Math252Ch16Gallery

Math252Ch16Gallery - 2 f(x,y) = x - y 2 (A Hyperbolic...

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f(x,y) = x 2 - y 2 (A Hyperbolic Paraboloid; “Saddle”) Contour Plot
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f(x,y) = 4 3 x + 2 y The x -slopes are –3 everywhere (i.e., at all points on the plane); the y -slopes are 2 everywhere. If we fix any y -value (for example, y = 0, which corresponds to the x -axis), we get a cross-sectional line with a slope of –3 in the x -direction. If we fix any x -value, (for example, x = 0, which corresponds to the y -axis) we get a cross-sectional line with a slope of +2 in the y -direction.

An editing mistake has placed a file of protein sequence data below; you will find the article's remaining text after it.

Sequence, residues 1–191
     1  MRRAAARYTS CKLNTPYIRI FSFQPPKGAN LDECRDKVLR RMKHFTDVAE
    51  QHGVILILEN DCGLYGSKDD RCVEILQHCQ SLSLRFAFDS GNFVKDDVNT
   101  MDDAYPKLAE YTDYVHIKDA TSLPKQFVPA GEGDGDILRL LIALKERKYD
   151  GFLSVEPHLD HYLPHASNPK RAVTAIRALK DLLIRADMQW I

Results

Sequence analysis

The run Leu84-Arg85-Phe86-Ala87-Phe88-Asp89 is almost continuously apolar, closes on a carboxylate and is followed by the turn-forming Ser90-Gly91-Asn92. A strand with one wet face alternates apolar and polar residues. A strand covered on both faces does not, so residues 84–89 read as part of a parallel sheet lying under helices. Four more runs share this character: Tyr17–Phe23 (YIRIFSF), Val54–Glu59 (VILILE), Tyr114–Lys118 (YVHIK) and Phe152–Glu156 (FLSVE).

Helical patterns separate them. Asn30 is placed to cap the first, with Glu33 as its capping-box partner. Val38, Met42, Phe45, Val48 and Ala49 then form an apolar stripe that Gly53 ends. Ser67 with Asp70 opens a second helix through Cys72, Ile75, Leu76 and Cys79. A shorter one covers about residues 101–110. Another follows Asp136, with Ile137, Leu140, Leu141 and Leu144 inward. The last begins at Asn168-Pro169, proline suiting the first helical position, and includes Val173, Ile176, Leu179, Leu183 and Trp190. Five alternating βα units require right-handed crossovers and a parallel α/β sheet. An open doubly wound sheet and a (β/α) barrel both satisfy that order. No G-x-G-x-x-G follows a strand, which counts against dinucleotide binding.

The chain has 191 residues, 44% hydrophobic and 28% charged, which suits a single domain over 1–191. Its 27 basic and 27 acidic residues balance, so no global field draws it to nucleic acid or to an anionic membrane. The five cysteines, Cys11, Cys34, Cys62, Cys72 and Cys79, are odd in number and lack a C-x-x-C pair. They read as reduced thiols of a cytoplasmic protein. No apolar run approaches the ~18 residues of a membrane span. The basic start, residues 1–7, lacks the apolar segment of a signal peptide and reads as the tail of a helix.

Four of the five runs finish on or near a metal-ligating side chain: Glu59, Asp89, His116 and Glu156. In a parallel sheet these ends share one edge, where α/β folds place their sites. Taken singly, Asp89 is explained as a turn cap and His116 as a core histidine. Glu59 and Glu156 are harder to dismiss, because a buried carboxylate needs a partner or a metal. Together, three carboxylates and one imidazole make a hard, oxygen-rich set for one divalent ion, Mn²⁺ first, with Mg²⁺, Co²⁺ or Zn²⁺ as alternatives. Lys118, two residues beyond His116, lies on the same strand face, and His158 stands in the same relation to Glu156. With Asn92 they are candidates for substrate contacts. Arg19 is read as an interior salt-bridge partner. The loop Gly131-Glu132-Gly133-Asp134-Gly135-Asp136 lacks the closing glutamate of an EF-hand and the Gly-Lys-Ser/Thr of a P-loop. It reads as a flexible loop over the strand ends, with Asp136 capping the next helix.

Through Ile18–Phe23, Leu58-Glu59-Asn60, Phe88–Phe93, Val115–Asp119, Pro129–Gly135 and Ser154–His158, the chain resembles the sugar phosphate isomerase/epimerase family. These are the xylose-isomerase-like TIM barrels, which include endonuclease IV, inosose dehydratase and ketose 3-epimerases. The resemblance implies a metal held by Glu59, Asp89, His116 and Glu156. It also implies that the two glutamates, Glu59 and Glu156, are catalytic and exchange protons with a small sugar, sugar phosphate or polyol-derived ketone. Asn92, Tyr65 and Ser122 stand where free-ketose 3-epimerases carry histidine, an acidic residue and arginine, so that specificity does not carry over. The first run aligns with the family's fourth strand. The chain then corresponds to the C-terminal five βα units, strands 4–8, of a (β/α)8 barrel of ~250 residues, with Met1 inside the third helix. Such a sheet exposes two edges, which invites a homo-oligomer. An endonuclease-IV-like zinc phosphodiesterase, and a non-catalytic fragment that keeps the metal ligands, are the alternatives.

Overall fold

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f(x,y) or z = x 4 + y 2 I've plotted the points (2, 3, 0) and (2, 3, f (2,3) = 25), which lies on the surface. If we fix y to be some value k , we get f ( x , k ) = x 4 + k 2 = x 4 + some number. Then, the corresponding cross-section is a steep quartic (fourth-degree) curve. If we fix x to be some value k , we get f ( k , y ) = k 4 + y 2 = some number + y 2 . Then, the corresponding cross-section is a not-as-steep quadratic (second-degree) curve.
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Here's the corresponding contour diagram: It turns out that f x (2,3) = 32 and
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Math252Ch16Gallery - 2 f(x,y) = x - y 2 (A Hyperbolic...

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